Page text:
In a recent report on the Euro Area Periphery, the rating agency Moody’s makes the point that the implementation of structural reforms by the
euro area’s periphery countries have achieved improvements,  although have
not yet fully resolved the external imbalances that developed in these
countries prior to the crisis. The report also says that the correction is at
best only half-way complete, depending on the country in question, and could
take several years. Based on a comparison between Sweden in in the 1990’s and
Italy, Moody’s  report argues  that, conditional on completing the
structural reform process, Italian GDP growth may come back in positive territory
as soon as next year. The change in mood from about one month ago , could not be more
“U-turn”. In July the agency downgraded Italy’s debt by 2 notches, to
Baa2 from A3. July-Moody’s justified the downgrade by the following
arguments:  1) a likely increase in the cost of debt and contagion risks
from Greece and Spain; 2) a slower growth, higher unemployment and likely
inability to meet fiscal balance in 2013. By the way, also Fitch yesterday has
praised Monti’ credibility and has suggested that efforts should be now
targeted to improve growth.
Now, two questions arise: A) what has changed since July? B) Should we care
about Moody’s  (and Fitch’s) moods?
A.What has changed?
Not much:
  • Among “up-side “risks (which in the official
    jargon means the things that may turn better than expected) July-Moody’s
    mentioned progress on structural reforms. Apparently, August-Moody’s did
    appreciate Monti’s spending review and privatization programs, but
    their extent as well as their implications for growth are yet to be tested.
  • On contagion from Greece and Spain,
    August-Moody’s seems to be betting on: a) Draghi being able to do
    something about spreads, Bundesbank notwithstanding. b) Spain being able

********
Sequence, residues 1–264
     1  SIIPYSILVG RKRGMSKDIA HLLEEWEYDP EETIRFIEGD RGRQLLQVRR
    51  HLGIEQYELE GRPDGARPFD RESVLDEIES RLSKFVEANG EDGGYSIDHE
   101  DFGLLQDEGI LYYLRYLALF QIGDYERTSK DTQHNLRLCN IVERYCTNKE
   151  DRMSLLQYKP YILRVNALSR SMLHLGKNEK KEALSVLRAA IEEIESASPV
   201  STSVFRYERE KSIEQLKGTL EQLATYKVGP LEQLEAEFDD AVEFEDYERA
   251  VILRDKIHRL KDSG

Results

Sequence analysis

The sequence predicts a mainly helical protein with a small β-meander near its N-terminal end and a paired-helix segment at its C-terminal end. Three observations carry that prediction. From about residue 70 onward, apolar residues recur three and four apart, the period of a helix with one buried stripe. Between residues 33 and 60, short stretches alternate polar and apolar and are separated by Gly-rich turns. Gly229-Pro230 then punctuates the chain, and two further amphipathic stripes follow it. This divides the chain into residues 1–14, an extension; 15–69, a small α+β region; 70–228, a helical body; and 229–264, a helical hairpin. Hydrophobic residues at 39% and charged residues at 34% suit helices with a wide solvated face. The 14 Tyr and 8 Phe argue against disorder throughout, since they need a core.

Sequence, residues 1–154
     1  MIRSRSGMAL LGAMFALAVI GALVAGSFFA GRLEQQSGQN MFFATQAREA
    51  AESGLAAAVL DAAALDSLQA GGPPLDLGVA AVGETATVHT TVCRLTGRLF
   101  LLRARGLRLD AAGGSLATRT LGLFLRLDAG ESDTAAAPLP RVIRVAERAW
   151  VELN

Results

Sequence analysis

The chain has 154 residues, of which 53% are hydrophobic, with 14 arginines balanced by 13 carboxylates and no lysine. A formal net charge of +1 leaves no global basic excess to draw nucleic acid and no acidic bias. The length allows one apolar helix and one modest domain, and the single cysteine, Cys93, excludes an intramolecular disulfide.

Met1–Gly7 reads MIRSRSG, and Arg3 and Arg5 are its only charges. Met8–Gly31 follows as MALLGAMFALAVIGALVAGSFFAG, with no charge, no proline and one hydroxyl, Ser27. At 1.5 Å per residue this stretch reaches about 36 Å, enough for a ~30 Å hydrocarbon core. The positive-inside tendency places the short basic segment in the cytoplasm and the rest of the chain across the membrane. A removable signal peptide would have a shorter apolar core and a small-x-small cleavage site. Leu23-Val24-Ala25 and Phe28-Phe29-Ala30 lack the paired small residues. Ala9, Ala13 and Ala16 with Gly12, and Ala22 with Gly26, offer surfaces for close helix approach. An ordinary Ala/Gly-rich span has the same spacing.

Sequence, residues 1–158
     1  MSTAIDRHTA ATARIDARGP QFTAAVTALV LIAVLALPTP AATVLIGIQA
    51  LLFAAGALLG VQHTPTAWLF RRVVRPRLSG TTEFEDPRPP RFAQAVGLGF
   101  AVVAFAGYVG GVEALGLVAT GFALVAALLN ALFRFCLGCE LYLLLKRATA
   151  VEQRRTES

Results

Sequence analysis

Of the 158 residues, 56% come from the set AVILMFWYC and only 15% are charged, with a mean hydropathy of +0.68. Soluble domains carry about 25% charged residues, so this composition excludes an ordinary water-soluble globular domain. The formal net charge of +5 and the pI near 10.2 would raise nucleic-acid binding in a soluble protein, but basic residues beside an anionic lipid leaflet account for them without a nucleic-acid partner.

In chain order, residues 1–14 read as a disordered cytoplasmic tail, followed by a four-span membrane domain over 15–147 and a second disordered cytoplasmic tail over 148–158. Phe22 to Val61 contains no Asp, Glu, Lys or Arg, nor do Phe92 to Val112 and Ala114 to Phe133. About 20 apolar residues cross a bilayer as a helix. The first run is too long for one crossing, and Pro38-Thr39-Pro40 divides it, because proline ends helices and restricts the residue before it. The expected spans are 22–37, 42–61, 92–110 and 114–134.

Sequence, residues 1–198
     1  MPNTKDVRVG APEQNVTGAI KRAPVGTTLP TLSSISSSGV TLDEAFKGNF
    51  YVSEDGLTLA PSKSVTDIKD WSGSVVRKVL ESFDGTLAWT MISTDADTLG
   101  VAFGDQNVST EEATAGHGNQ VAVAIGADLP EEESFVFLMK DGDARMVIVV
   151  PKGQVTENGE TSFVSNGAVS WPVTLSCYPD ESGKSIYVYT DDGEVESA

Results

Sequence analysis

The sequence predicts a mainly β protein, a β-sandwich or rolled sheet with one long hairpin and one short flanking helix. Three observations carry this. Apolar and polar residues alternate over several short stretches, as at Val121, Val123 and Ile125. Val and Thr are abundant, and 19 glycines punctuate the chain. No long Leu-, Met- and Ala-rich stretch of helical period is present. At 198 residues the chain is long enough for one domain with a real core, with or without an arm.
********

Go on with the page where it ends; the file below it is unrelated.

to rescue its banks with the help of EFSF, c) Greece getting more time to
    achieve fiscal targets and using it to address fiscal imbalances. All or some of these
    presumptions may not materialize
B. Should We
  • The point here is that even if Moody’s and
    Fitch are optimistic
    on the effects of structural reforms and developments
    in the EU, still their change of mood may be useful and self-fulfilling. Recent
    work on contagion
    by Luca Zavalloni and myself suggest that while
    credit ratings do not affect spreads during normal times,
    so that rating agencies belatedly “ratify” market sentiments
    already embodied in market prices, changes in ratings do have an impact
    on spreads and countries’ vulnerability to contagion during economic
 Thus, provided September-Moody’s doesn’t differ too much from
August-Moody’s , and provided market fundamentals in Italy improve, albeit
slowly, the windfall gains from lower interest could be large, possibly up to
100-150 basis points, which in turn would allow Monti’s reduce (initially very
slowly) taxes, sustaining aggregate demand and strengthening the
political  constituency in favor of further structural reforms. This in turn would
help employment and growth.
 So Moody’s moods should not be dismissed.